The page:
BBC Radio 4, 7 August 2009
The defence of Rorke's Drift against the Zulus is one of those seminal
events in British military history which demonstrates why the country enjoyed
such power during the colonial era. Immortalized in the 1964 film Zulu, it was one of those
occasions where a small group of soldiers battled valiantly against impossible odds to defend a particular piece of territory.
Bearing the Cross showed what happened to a group of veterans
of this campaign, once they had returned to Britain and received the Victoria Cross for their
efforts. One of them, William Jones (Nigel Anthony) ended up in a re-enactment
performance as part of Buffalo Bill's touring Wild West stage show; the others
tried to make sense of their lives as best they could. The main action of Ken Blakeson's play took place at a military reunion in South Wales, close to where many of the soldiers grew up; ostensibly
they were due to be congratulated for their part in the defence of Rorke's Drift, but they discovered to their cost that most
of their fellow-citizens didn't want to know them any more. One landlord (Robert
Blythe) despised them as ignorant servants of an incompetent military command, who bestowed the medals on the soldiers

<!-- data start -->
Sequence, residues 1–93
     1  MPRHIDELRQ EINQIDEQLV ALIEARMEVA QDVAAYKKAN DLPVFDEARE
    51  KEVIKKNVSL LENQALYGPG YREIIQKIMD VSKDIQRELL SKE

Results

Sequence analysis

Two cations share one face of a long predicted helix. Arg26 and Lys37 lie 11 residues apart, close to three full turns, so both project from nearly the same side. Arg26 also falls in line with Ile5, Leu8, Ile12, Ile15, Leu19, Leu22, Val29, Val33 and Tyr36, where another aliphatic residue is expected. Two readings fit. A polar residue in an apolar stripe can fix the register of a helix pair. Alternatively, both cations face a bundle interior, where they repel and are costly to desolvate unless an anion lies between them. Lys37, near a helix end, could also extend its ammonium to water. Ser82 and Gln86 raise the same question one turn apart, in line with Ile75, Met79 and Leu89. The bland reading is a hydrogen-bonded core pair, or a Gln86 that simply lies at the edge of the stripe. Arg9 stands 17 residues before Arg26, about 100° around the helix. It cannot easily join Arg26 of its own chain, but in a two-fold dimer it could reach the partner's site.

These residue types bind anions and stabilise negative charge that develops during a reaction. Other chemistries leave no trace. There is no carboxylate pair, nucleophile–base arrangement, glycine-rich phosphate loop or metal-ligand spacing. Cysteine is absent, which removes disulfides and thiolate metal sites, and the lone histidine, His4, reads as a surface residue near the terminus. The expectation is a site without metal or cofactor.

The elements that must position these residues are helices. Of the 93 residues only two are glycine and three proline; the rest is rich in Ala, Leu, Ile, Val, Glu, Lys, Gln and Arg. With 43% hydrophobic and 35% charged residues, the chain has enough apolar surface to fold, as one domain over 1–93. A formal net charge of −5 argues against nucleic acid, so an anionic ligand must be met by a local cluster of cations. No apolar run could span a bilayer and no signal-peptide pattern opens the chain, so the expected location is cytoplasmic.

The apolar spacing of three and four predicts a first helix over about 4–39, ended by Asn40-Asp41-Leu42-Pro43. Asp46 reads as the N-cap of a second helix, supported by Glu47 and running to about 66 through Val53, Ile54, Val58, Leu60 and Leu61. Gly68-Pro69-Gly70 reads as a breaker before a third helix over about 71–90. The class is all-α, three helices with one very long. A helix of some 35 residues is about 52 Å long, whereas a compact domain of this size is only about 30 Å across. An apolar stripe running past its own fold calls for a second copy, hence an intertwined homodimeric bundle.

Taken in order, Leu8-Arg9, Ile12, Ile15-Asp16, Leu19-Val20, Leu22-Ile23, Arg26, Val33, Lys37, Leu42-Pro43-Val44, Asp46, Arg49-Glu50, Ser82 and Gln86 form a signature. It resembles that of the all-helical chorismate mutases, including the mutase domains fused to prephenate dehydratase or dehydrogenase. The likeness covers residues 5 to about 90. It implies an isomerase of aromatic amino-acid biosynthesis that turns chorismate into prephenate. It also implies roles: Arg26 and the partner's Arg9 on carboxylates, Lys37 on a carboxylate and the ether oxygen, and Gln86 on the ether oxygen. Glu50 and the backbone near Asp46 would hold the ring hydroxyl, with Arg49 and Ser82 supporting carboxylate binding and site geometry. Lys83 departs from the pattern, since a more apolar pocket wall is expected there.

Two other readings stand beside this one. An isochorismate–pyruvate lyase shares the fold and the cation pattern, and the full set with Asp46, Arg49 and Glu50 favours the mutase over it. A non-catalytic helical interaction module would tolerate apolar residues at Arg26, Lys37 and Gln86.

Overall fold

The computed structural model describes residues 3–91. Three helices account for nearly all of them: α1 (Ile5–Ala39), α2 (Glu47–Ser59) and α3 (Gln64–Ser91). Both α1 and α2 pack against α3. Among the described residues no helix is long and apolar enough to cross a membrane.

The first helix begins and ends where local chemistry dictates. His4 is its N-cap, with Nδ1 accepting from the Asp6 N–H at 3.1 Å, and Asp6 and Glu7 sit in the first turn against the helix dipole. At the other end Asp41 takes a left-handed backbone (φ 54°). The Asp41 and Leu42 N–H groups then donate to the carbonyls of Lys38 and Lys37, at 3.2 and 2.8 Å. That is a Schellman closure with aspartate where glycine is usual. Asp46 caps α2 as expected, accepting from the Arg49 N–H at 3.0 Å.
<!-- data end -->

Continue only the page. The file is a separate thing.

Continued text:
as a way of covering up their own mistakes. Like many so-called 'heroic' battles in the past, Rorke's
Drift could have been avoided if the British army had appointed some halfway decent generals, rather than relying on
privilege and 'good breeding.'
Director Gordon House demonstrated the seamy truth behind the campaign;
whereas the soldiers firmly believed they were fighting for queen and country, they were in reality nothing more than expendable
pawns in a disastrous military offensive (which turned into a desperate defensive mission). All three soldiers featured in this play - whose
lives were based on fact - died in desperate circumstances, disowned both by the government and the people around them:
William Jones died prematurely in 1913, his brother Robert (Sebastian Harcourt) committed suicide, while
Harry Hook (John Strickland) fell victim to tuberculosis.